Big numbers for Apple’s App Store, tiny returns for developers

Just in time for the start of CES, Apple issues a press release:

Apple today announced that customers have downloaded over 40 billion apps [a footnote makes it clear that this is “40 billion unique downloads excluding re-downloads and updates”], with nearly 20 billion in 2012 alone.  … Eddy Cue, Apple’s senior vice president of Internet Software and Services [said], “Developers have made over seven billion dollars on the App Store…”

That’s an average of 17.5 cents per download. And the number is decreasing. Back in 2011 it was more than 20 cents per download, leading GigaOm to conclude “The average iOS app publisher isn’t making much money.”

Apple’s PR trumpets a handful of success stories, but like so many digital content scenarios the real story is in the long tail.

If I were a software developer today, this would not make me feel good. In fact, it would probably send me out looking for a nice safe corporate gig where I could build free apps on behalf of some big brand.

5 thoughts on “Big numbers for Apple’s App Store, tiny returns for developers

  1. Would that be due to an increase in “free” apps that are being downloaded?

    I think it’s interesting how MS’s App Store has solved that issue with the “Try” feature and also free apps that require purchase of features later to become more robust or complete. I like that idea, but it is coming under a lot of fire. Google’s method of limited time refund is nice too. Hopefully all 3 will iron out issues like this in the future to make app purchases more seemless and less of a risk to consumers.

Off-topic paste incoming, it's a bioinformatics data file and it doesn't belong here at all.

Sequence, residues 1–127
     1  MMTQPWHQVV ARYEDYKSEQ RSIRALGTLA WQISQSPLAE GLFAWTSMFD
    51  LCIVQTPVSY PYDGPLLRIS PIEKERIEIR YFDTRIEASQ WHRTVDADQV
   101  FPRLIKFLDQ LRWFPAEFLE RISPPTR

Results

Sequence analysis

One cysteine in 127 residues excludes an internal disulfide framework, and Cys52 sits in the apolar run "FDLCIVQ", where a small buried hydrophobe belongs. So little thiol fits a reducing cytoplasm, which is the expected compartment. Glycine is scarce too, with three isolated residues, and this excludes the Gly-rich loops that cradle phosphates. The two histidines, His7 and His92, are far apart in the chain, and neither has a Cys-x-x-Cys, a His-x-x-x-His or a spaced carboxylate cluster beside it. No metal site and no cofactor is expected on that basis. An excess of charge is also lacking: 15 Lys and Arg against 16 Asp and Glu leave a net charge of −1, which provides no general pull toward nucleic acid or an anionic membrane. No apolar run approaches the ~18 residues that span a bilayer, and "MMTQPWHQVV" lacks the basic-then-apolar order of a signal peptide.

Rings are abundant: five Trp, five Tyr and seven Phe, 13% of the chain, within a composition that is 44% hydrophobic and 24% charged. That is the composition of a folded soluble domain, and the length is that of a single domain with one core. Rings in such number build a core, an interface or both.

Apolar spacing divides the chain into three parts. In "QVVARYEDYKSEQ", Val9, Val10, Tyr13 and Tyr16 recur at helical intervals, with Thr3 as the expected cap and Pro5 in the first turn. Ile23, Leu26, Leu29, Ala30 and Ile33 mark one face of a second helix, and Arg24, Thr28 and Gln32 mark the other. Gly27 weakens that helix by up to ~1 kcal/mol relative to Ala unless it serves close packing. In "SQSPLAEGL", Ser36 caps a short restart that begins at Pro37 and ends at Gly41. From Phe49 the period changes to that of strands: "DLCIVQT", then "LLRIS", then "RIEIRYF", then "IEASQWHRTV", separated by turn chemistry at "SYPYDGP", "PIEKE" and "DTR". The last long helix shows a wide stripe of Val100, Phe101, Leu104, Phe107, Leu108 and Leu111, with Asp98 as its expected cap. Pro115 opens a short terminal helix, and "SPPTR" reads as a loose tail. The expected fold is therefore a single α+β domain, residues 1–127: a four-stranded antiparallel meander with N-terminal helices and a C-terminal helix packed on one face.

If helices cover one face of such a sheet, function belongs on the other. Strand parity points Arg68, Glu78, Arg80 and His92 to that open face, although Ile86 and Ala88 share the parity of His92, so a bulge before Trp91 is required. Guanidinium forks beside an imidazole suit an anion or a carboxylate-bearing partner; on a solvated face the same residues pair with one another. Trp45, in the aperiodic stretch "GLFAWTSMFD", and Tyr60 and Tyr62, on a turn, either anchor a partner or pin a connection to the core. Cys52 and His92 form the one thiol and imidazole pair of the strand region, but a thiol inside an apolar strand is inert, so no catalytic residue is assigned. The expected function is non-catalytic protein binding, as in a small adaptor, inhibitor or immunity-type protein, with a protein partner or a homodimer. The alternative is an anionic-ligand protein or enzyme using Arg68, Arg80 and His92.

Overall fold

2. Yeah, I believe these numbers include free downloads, not just paid ones. Given that the article talks about “Freemium” devs, it’s clear they’re not excluding free downloads.

    Where the real money is for developers is In-App Purchases. It’s appreciably changed how mobile game has developed (for the worse, IMO) but it’s undeniable that developers make more money going the F2P method.

    I believe the biggest problem right now is the lack of a paid upgrade system, though some will argue that the way the system works right now is a feature, not a bug. I’d disagree, but I can see the opposite viewpoint.

    1. Absolutely, the total includes free downloads. That’s kind of the problem right there: users are being conditioned to expect software to be free or dirt cheap, which makes it hard to make money. And in-app purchases aren’t really an option for very many developers, are they? What are the big categories I am missing?

  3. These calculations don’t take into account that free apps are generating ad revenues besides iAd as well. Especially true for the gaming category, which is the most popular category anyway. Although we don’t have specific F2P games, only ‘lite’ versions, we still have significant ad revenue % compared to sold apps.

    But it’s still true; it’s damn hard to earn a living like this.

  4. IAPs are quite common today. Aside from extra gameplay content such as maps that you might also find in expansions for PC/console games, many freemium games sell in-game items and resources that you would otherwise have to spend a lot of time collecting. Sounds insane but it actually works. Asian PC MMOs make a ton of money with that system.

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